Year In Review - 2020
Pushing the WINS flywheel
I played Bee Gees', “Stayin' Alive” on loop many days this year because staying alive through the year seemed like a good enough goal.
Feel the city breaking and everybody shaking, people
Stayin' alive, stayin' alive
Ah, ha, ha, ha, stayin' alive, stayin' alive
Ah, ha, ha, ha, stayin' alive …
I experienced a strange duality of fulfillment and fun most of the year amidst feeling lonely and sad.
I get low and I get high
And if I can’t get either, I really try
Thankfully, here I’m at the end of the year. Not only I survived, but I also thrived. 2020 became at once a year of uncertainty, sadness, and growth.
I have been publishing annual reviews since 2011. As I went through the ritual this year, I felt lucky but also guilty. While my countrymen starved, and some even ate dead animals in the middle of the road, I was abstracted away from the contagious virus and the associated effects of lockdown. My heart is filled with gratitude for the privilege of life I have.
Reasons for angst
In addition to the wide-spread fear about the Covid and its economic impact, I had a personal reason for anxiety.
My parents were staying with my sister in Bangalore. In March, my dad went to home-town and got stuck. Since they had moved to Bangalore, they didn’t have much provisions at home-town for continued living. Plus there were not many shops open. We were worried about our father, and we called him every day to check on him. But the old-man is strong.
My mom joined him later in May. We are still concerned about them, but at least the couple has company.
What sustained me
In January, I preached a message based on Psalms 147:13 & 14. When I delivered the message, I hardly knew I was prophetic.
He strengthens the bars of your gates
and blesses your people within you.
He grants peace to your borders
and satisfies you with the finest of wheat.
Whenever angst filled my heart, I affirmed these verses. I was indeed filled with peace and satisfied with the finest of wheat.
Proudest thing I did
I taught cycling to my wife.
When the lockdown started, the kids and I were exercising at home. Later in August, we started cycling in the early mornings. Envious of us, my wife asked if I could teach her cycling so she can join us.
Thankfully we had a bicycle rentals near our house. In about ten days, she managed to cycle, without a scratch, to the cycle and her. Because of her confidence and enthusiasm, we bought a BSA Ladybird cycle. Now we cycle every day for six kilometers. Who would’ve thought a pandemic would rekindle the romance?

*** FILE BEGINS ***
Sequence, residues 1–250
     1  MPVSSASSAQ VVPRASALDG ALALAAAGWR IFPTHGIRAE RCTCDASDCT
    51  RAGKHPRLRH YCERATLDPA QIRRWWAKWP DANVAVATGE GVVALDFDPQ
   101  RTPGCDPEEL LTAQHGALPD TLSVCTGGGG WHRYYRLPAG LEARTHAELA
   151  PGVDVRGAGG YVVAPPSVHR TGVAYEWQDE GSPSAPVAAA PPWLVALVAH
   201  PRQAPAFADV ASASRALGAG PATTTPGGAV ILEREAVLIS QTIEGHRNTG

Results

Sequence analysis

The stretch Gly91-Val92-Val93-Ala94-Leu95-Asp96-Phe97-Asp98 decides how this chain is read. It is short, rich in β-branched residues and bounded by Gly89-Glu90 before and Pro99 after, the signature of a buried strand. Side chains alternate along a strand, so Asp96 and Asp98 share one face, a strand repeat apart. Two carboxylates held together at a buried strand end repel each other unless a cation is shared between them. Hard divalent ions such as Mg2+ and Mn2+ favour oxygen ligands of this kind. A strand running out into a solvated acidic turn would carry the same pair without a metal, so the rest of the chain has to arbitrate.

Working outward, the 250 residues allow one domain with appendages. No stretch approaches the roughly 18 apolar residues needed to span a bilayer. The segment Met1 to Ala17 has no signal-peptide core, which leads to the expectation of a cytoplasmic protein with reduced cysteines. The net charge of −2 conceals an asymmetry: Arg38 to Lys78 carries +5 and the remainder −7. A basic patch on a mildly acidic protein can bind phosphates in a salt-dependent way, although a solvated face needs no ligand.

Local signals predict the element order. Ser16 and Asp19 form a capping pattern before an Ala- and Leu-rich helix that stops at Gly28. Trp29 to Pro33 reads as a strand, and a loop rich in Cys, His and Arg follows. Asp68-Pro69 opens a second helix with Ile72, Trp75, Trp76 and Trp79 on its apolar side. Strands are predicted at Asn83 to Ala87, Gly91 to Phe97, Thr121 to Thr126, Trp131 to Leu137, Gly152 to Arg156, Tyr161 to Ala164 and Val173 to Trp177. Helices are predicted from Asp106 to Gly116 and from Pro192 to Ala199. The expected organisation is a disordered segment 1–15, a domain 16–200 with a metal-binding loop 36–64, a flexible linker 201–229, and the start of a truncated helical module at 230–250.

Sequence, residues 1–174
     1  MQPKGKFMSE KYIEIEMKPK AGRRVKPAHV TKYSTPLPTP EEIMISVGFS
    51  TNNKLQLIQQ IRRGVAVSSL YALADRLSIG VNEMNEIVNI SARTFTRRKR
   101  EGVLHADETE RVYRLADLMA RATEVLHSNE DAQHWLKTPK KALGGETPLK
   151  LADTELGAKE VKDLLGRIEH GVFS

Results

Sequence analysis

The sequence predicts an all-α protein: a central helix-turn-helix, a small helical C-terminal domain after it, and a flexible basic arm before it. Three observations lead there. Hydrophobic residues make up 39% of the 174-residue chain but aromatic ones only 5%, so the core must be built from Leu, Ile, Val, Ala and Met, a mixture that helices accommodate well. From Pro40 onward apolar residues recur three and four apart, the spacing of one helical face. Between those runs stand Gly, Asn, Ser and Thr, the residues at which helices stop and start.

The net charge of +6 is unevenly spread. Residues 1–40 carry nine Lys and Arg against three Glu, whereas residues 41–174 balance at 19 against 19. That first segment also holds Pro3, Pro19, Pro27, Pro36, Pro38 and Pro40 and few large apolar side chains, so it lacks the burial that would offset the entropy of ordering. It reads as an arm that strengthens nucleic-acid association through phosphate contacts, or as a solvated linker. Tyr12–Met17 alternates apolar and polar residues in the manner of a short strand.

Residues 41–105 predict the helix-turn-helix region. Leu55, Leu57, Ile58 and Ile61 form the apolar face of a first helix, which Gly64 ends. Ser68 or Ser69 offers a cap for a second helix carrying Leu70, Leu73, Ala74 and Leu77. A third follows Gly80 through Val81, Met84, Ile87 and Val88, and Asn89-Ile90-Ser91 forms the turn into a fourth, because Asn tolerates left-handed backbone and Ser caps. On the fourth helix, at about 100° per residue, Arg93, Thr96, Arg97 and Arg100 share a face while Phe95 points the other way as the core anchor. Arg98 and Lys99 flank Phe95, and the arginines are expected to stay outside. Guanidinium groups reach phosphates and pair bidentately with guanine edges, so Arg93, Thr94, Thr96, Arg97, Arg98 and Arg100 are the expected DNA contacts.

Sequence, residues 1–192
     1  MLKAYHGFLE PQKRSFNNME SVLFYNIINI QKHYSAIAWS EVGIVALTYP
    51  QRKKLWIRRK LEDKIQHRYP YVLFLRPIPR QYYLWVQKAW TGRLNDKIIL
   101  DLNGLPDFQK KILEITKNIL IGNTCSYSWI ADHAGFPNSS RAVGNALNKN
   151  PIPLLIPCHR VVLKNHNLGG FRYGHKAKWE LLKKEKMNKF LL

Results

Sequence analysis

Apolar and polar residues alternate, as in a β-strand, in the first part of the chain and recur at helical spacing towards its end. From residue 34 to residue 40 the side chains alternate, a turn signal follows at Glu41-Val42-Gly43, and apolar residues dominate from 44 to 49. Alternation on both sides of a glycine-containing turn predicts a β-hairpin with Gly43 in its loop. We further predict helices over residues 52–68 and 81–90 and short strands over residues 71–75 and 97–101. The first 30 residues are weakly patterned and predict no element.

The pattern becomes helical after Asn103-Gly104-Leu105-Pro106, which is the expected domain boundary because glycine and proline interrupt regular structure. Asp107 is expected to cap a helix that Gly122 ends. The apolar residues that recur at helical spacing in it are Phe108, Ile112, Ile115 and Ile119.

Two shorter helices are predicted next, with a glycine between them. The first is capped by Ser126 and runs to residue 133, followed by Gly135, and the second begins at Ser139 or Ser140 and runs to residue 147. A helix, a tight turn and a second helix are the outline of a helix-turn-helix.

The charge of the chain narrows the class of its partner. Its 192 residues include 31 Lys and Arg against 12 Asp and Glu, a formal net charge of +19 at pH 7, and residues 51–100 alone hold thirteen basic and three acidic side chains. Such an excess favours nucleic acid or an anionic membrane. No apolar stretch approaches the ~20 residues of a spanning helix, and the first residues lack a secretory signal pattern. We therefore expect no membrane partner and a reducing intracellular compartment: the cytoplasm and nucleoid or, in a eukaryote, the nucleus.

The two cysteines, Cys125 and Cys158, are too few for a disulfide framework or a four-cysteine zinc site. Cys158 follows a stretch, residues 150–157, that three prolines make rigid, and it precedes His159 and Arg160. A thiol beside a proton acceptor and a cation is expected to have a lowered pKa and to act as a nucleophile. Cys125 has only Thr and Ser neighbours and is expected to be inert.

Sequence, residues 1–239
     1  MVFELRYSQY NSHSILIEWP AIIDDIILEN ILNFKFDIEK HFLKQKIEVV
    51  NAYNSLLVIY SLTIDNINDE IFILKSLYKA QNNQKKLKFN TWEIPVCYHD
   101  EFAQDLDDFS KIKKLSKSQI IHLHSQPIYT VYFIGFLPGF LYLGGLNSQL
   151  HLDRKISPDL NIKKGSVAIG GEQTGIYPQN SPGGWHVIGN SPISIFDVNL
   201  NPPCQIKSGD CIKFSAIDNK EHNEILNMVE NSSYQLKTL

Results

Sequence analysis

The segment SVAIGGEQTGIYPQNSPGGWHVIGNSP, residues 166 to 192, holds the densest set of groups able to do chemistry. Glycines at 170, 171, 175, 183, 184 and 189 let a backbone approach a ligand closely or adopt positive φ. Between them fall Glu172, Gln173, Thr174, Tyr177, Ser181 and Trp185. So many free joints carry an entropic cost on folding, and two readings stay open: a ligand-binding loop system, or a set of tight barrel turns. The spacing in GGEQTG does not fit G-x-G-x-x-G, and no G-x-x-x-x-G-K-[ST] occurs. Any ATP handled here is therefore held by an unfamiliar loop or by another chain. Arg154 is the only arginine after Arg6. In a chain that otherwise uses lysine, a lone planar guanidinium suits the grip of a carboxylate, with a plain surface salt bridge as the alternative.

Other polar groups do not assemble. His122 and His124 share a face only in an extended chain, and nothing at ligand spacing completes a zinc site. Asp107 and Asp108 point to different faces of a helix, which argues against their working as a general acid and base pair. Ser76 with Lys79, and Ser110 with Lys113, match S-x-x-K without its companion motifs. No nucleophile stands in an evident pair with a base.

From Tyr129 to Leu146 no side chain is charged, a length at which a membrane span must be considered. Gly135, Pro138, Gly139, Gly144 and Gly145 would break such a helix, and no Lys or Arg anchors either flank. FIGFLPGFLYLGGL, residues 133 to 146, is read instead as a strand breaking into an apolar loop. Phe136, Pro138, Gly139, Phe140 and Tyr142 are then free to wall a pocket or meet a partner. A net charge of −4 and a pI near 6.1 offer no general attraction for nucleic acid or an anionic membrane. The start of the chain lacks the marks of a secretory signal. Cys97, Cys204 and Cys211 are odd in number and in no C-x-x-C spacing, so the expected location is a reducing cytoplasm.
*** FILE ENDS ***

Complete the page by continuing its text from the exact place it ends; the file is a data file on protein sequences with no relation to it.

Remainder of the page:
Last year I created WINS framework as a personal flywheel. WINS stands for: Wealth, Insights, Network, and Self
WINS is a systems framework, which means that when you improve a factor, you make the whole better.
This year, I was able to push the flywheel a little further than the last year. It still got to get its momentum, though. Having this framework in mind helped me drop any activity that didn’t fit into one of these four buckets.
If this flywheel interests you, you should check out the course.
I saved like a pessimist and invested like an optimist.
Beset by uncertainty, I postponed every purchase. No eating-out, no dress-shopping, no non-essential spending meant savings, savings, and more savings.
I invested all the savings on high-dividend yielding stable companies. While these stocks were available at lower prices, there was a doubt if this low was a blip or a permanent dip. Thankfully all these stocks have grown 10 - 20 percent from the purchasing price.
Since I started working 25 years ago, I developed the habit of donating 10% of my income. I distribute the amount between those who serve among slum-dwellers, orphans, and prisoners. Amidst the pandemic, I had a thought in my heart to increase my giving. I was hesitant since there was much uncertainty. When I discussed the idea with my wife, with a lot of hesitation, she wholeheartedly supported it. Encouraged by her acceptance, I upped my donation to 15% from May.
In my years in Chandigarh, I came to know few daily laborers. Due to the unplanned lockdown, they lost their livelihood. Due to the strict implementation of lockdown, we couldn’t meet or speak to each other; they didn’t have access to mobile since they lost every income source. When we got back in contact, I realized that many families didn’t have proper food for days together. Two of my college-mates donated, and we organized household provisions for ten families. When we handed over the provisions, every one of them wept. Recollecting that scene brings tears to me, even after so many months. While witnessing tragedy and sorrow, you can question the existence of a god, or you can roll up your sleeves and exhibit godly love.
Though this is the most fulfilling thing I did this year, I also realized the impact of haphazard government policies.
Created an additional stream of revenue
What started last year as unstructured coaching morphed into a regular coaching program this year. A family friend of mine requested me to coach him. We started as unstructured sessions over Zoom, where he asked questions that bothered him, and I answered as best as I could. As we progressed, he encouraged me to open the coaching to others. He even sold the first slot to a colleague.
I announced in my newsletter that I’m starting a coaching program, and three of the readers signed up immediately. In July, I officially started the first coaching session. I started the second batch in November. Between the two batches, I have trained ten students. I’m happy that all of them have given fantastic testimonials.
As they say, once is an accident, twice is a coincidence, thrice is a business. I have announced the third batch on January 16th. If I can attract enough students for a third batch, I know I got a business in hand. If you want to build competence and confidence to thrive in your life, you should join the course.